(Opera email client? Please. It was great in version 5.x, but Opera’s new “M2” email client is confusing and nonintuitive. Just ignore it and get Thunderbird or something. That’s my opinion. Some of you, on the other hand, especially the ones who never move messages out of the inbox, might enjoy sorting your mail by “Unread” and “All” rather than with a clear tag/folder structure.)

Update: More from Asa on Opera 7.50.

Update: Sparticus has more tips for getting rid of default Opera cruft:

  • Delete the mess of default bookmarks with Bookmarks > Manage Bookmarks, select them all, and Delete.
  • And to stop using M2, Tools > Preferences > E-mail > Use default e-mail client on computer.

Note: Those of you who come to this page looking for a way to remove the Opera ad banners, follow the instructions here. ;)


  1. “I don’t want any chat, newsreading, or even email functionality; I just want a nice, default-looking browser which lets me use the web, with back/forward buttons to top-left, ad banner to top-right, address bar below them, status bar at the bottom, and a wide, uninterrupted, virgin browsing space.”

    Why not use Firefox??? I haven’t touched Opera in since Mozilla 1.x anyway.

  2. nikkiana says:

    Aye. I second what Daniel says. Why not Firefox? The only reason I have Opera kicking around is to make sure I haven’t botched my CSS beyond repair.

  3. t says:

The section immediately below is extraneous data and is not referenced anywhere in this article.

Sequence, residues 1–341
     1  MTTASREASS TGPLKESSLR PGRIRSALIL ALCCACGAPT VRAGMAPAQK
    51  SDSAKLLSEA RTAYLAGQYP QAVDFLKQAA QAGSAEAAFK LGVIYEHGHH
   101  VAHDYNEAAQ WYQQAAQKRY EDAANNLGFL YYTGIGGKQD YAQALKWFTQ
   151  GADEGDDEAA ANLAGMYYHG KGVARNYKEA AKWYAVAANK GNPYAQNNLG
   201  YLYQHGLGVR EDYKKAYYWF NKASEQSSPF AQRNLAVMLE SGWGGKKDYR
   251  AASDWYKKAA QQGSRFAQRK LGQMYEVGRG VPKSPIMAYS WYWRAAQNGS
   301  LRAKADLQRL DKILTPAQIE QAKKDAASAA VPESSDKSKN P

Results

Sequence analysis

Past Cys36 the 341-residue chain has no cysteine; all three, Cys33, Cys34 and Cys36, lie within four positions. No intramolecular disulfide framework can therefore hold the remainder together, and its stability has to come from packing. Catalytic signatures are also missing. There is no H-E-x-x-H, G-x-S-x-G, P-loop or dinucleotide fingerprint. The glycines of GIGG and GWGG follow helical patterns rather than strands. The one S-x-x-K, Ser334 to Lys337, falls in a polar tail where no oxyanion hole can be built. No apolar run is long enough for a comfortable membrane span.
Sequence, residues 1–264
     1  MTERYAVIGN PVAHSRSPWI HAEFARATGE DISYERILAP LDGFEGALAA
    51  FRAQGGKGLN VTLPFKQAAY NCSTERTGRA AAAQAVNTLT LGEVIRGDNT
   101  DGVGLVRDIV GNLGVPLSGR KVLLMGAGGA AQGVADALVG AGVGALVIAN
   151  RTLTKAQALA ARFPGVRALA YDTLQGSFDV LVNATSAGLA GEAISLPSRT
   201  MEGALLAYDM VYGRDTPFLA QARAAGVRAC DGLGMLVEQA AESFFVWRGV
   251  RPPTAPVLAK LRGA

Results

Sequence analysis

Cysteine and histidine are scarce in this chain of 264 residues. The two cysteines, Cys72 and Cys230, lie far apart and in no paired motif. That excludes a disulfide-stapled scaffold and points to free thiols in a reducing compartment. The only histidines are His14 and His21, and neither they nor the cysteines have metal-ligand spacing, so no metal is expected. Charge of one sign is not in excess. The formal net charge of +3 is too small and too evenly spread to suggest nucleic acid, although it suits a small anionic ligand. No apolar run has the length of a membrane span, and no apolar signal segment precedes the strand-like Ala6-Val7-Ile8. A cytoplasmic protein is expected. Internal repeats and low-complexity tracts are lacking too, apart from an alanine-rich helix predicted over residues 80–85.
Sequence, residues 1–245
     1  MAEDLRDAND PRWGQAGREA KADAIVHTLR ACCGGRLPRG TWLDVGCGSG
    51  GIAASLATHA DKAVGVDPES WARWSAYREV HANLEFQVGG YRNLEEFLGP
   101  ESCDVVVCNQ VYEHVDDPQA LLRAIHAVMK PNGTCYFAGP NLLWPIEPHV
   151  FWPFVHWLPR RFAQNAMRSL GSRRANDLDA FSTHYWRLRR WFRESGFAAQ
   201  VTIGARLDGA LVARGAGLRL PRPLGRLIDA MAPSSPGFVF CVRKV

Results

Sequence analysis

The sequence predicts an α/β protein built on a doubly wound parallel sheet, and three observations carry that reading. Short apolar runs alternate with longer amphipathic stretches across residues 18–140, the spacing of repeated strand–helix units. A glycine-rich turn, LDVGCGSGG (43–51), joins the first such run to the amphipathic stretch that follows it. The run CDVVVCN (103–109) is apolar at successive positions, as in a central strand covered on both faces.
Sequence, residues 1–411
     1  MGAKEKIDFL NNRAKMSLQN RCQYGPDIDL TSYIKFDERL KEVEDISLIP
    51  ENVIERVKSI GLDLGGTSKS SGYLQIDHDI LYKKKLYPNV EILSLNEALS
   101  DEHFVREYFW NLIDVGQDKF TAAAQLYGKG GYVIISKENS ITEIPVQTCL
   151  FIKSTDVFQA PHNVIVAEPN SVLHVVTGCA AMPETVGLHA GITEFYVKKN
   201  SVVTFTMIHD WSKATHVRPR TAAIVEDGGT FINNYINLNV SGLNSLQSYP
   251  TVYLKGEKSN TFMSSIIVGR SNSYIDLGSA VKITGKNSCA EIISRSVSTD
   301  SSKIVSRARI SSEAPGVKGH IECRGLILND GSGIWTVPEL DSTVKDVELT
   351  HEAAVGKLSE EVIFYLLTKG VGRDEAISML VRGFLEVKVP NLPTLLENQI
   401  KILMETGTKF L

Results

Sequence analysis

i don’t use opera and i only ever did fleetingly about a year ago, but from the screenshots it looks pretty cluttered and painful. and yes, firfox and thunderbird rock my desktop

  4. Mike says:

    You may also be interested in the Web Developer extension for Firefox. Among other things, it allows you to toggle CSS and images. :)

  5. Paulo says:

    In response to the “Why not use Firefox?” posts, I’ve already answered above: I want quick CSS/image mode toggling, and a tabbed browser workspace that doesn’t overflow into the rest of my OS at all. That, without having to hunt up plugins. Opera gives me that by default, though it’s making it harder and harder to put up with it with each new version, which is why I *have* indeed been using Firefox more and more lately.

    Just a note: I keep Opera, IE, Firefox, and Netscape 4.x open on my desktop in the office at all times.

  6. Sparticus says:

    Dang Paulo, you have just nailed every single issue about why Opera still has it’s merits. It does do tab browsing so much better than Firefox and that CSS switcher is a thing of beauty (although firefox’s edit css plugin is ever more amazing, if only they combined the two somehow).

  7. Sparticus says:

    Other handy tips…

    Bookmarks -> Manage Bookmarks select em all, click Delete

    Tools -> Preferences click E-mail, click Use default e-mail client on computer

  8. Sassy says:

    I use three browsers–Mozilla, Firefox and Opera. I have them all to make sure my layout does not break in any browser.

    Anyway, my only complaint about Opera is the side panel. I can push it away from view but can’t seem to permanently close it? Am I missing something?

  9. Dan says:

    I just dropped my beloved Firefox. I just started running Mandrake 10 and I was tired of repeated browser crashes just when I was getting something usefull done. Or Three minute page loading.

    And yes, I tried numerous releases and configurations.

    I’ll give Opera a shot and if I like it I’ll pay to have that DAMN ad bar removed.